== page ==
Organic Expressionism

About the Artist
Organic Expressionism
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Organic Expressionism is an original style developed by Jason Gogo.

This style is composed of extreme textures and multiple layers of colors that represent random organic material. Gogo draws on natural substances including bark, geods and ancient fossils as well as manufacturer’s recycled paints, which are applied to his medium of oil paint. Organic materials such as ground antler, real gold and powdered abalone create these extreme textures and veins of natural mineral colors. Colors are applied in layers similar to geological formations that sensor natural hues in layers of time. Anomalies of perfection imitate catastrophic changes in geological material. In nature there is no bias in the application of color, which is the influence of the color palette on these works of art. Most abstract art dissipates as the viewer gets closer, revealing simple singular tones of color. In Gogo's organic expressionism, the perceived colors become complex patterns and grids of many colors. For the viewer, Gogo's work is endless in forms and color.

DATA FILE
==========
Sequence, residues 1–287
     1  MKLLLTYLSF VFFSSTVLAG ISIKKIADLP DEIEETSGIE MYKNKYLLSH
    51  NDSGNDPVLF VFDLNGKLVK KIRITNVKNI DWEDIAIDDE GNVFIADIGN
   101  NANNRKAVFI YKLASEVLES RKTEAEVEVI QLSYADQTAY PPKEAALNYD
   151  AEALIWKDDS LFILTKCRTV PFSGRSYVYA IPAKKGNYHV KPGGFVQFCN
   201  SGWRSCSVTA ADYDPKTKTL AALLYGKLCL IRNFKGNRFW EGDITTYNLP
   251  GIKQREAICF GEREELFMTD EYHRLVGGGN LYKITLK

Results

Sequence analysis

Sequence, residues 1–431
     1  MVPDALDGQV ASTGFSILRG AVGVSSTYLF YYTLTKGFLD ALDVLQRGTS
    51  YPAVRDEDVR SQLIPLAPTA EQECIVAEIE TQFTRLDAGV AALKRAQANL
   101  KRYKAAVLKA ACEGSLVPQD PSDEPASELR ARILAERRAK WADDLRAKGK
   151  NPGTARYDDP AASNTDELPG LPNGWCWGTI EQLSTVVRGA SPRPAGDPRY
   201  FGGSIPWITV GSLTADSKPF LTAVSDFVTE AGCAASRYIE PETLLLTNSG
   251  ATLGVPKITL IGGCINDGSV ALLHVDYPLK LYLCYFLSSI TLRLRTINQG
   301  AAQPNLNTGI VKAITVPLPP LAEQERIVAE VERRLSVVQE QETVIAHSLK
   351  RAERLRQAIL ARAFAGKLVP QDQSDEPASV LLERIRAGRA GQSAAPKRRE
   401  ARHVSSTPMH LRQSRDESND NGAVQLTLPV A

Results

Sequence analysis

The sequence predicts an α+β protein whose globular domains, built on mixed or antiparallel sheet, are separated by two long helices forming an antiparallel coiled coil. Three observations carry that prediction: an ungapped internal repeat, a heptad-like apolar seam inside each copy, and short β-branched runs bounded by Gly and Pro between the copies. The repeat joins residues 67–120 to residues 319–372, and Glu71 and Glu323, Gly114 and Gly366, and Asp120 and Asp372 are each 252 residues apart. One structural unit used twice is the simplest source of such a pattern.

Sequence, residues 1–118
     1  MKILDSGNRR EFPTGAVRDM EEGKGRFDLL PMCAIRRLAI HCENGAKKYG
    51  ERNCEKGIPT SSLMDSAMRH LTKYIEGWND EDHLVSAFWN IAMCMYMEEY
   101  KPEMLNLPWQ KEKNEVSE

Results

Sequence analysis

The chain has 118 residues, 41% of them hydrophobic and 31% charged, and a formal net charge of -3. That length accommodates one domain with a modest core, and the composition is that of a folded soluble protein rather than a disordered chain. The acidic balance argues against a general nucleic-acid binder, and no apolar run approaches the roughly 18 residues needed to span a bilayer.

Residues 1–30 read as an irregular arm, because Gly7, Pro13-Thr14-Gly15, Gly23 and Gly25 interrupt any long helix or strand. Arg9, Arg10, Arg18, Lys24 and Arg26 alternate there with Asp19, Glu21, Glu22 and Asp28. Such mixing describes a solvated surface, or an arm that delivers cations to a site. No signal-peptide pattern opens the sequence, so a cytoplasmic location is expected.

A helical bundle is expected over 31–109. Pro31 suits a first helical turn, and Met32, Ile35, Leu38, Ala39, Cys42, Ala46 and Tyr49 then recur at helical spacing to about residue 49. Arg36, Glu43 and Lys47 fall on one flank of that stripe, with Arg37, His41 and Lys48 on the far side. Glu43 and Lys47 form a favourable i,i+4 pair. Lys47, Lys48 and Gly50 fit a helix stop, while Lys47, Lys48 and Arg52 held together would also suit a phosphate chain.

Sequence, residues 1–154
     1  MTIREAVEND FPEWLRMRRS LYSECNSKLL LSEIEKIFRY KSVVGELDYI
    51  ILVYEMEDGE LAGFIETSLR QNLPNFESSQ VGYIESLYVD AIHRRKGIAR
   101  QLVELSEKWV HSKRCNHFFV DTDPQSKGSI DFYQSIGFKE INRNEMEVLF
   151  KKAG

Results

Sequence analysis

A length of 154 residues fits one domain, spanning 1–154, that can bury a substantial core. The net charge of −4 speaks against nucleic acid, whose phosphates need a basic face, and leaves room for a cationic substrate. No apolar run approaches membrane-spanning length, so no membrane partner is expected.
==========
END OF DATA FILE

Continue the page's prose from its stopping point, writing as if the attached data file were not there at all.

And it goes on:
Jason’s work is not abstracting nature but rather employing the conditions of universal occurances such as erosive and tectonic movement to create something truly organic. Believing the dichotomy of paradox is present in all things, Gogo chooses to enable the application for the medium without coercion. In order to balance this correctly, he then adds points of coercion within the art piece. As opposed to layering paint to a pre-conceived idea, Gogo starts with the least dense and ends with the most dense material on his canvas. In the time he is not present, the layers naturally move through each other as the lightest part rises to the top of the most dense.

Gogo’s art is about creating a tether between the viewers conscious and his subconscious. The viewer begins to destructuralize his pre-conceptions and starts to see things within the art, thus creating the content. As time progresses, and this thinking expands, the large amount of information within the painting becomes limitless to the viewer. As well, when the color and lighting in its environment shifts, so does the painting’s content.

© 2008 Jason Gogo Fine Art